Mother Africa, tell me, why so much suffering? Dry your tears, for your children will assert themselves and affirm your diversity.


South Africans listen to President Cyril Ramaphosa during an election rally in Johannesburg, South Africa, 11 April 2019 (EPA-EFE/Kim Ludbrook)

By Souleymane Diallo

O Mother Africa,
My soul lives for you,
Your blood is flowing within me,
And your multicolored skin covers my body.

O Mother Africa,
Tell me, why so much suffering?
Why so much sadness on the faces of your children?
Is it due to a curse or an affliction?

These questions haunt the spirit of your children who seek refuge outside of you,
Yes, Mother Africa, outside of you!
But what is this misfortune that pushes your children outside of you?
O Mother Africa!

Shame on this tyrant who alienates the People.
Shame on this president who wades in rivers of blood,
Blood of your children.

Shame on this man who raises his hand on your daughters,
Your daughters as beautiful as goddesses,
Radiating as the Sun,
Sweet as the Rose.

O Mother Africa,
My beautiful Africa,
Sweet Africa.
Dry your tears,
Yes, dry your tears, Mother Africa,
Because the time has come for your children to assert themselves,
And to affirm you.

From Tunis to Cape Town,
From Tananarive to Praia,
Through Brazza,

Your children walk,
And even fly,
To require,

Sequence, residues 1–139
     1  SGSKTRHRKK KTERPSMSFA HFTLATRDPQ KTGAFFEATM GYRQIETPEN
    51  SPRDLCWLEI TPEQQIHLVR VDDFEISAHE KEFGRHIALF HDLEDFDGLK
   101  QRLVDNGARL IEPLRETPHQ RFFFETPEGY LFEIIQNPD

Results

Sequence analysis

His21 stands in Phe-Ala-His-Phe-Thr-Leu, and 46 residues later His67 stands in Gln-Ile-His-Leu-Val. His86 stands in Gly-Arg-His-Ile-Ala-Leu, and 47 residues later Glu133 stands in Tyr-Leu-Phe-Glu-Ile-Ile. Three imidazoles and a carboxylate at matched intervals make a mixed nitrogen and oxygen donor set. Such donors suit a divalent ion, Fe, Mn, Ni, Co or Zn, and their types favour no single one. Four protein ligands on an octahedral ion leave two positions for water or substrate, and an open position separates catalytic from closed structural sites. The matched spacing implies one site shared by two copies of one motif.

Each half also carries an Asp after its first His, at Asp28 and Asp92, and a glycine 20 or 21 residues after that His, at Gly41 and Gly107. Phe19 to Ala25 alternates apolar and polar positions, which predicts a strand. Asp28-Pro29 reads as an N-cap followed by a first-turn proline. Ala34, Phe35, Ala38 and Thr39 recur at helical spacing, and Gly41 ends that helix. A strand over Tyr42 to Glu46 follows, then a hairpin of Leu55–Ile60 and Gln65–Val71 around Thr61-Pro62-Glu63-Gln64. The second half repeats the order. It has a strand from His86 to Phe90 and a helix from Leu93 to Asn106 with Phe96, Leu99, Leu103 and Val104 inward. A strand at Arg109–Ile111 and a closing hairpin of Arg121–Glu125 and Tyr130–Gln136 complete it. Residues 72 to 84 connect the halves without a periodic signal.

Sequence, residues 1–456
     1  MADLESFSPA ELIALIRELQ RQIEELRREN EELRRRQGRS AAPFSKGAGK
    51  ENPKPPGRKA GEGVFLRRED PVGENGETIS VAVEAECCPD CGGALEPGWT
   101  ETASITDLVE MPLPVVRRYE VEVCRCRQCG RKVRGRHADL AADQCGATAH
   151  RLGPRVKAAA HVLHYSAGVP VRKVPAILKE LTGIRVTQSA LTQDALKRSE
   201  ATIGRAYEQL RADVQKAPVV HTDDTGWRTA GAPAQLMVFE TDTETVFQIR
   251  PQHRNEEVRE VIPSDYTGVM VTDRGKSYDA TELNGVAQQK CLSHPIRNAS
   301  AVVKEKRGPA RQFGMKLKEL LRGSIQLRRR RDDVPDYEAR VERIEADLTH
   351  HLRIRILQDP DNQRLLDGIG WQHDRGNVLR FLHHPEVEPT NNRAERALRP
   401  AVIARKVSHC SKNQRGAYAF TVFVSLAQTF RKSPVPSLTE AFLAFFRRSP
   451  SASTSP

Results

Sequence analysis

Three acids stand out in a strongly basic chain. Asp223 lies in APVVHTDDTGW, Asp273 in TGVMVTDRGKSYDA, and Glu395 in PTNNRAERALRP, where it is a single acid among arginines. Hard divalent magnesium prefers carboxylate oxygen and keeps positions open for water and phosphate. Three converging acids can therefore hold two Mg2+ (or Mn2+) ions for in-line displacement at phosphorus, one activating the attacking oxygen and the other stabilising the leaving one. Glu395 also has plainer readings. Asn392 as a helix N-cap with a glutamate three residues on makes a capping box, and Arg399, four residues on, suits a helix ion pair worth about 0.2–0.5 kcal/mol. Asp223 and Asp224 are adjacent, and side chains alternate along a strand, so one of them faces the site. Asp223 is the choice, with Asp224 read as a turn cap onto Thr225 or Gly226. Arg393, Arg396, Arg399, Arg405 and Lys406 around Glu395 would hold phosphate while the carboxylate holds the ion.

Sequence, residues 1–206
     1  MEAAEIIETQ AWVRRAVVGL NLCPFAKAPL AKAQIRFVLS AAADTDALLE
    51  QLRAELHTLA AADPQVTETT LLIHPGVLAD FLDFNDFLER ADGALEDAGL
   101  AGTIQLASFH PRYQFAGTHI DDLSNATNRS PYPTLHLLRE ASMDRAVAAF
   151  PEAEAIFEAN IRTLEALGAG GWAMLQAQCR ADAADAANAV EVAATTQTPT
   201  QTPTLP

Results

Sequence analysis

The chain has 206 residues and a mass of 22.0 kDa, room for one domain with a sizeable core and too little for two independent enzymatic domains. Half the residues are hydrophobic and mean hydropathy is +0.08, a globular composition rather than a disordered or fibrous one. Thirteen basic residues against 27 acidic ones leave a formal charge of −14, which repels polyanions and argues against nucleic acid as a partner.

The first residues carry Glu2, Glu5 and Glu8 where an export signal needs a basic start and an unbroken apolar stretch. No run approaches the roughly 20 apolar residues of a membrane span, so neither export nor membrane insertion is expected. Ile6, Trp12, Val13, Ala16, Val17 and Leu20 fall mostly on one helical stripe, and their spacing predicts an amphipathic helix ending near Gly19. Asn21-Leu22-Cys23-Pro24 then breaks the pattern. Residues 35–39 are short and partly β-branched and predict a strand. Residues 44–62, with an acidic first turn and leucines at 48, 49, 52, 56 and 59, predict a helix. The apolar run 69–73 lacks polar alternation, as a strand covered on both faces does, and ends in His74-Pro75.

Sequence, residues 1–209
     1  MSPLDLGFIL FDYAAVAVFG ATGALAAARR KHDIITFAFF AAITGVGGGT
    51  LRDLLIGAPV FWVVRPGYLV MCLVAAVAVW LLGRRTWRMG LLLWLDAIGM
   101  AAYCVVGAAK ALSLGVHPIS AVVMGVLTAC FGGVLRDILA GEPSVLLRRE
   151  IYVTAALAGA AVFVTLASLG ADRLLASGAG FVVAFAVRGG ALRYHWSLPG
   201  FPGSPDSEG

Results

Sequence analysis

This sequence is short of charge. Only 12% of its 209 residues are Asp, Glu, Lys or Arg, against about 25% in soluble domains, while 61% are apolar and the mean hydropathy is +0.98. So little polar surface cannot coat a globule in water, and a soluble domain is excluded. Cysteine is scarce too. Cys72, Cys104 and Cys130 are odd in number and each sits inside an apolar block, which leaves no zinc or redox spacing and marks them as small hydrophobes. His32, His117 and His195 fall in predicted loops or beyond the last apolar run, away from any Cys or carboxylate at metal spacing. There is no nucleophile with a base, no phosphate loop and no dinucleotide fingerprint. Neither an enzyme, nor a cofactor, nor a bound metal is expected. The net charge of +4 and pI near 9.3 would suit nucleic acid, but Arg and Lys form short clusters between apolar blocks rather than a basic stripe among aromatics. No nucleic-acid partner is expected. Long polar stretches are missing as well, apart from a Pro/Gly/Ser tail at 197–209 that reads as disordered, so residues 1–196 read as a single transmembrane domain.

To recover,
And even to snatch,
What is right for them.

Ominira (Freedom in Yoruba),
And Salama (Integrity in Arabic),
Fahasahaza (Opportunity in Malagasy),
And Bantal (Development in Fulani Guinea),
But above all, Amani NA Haki (Peace and Justice in Swahili),

O Mother Africa,
Sumptuous Africa,
You can now rest in Peace,
Because your children shall maintain forever
This fire of diversity that you lit within our hearts.



  1. What is the author lamenting?
  2. Why does the poem end on an upbeat note?
  3. How many different languages are spoken in Africa? Are most Africans taught multiple languages in school? If so, which ones?

Souleymane Diallo is an African Leadership Academy student from Guinea. He is passionate about philosophy and changing how people perceive Africa. While mainstream media often portrays Africa as a place of misery, war and poverty, Souleymane likes to create essays, poetry and visual arts that celebrate the continent’s diversity, hospitality and bright future.

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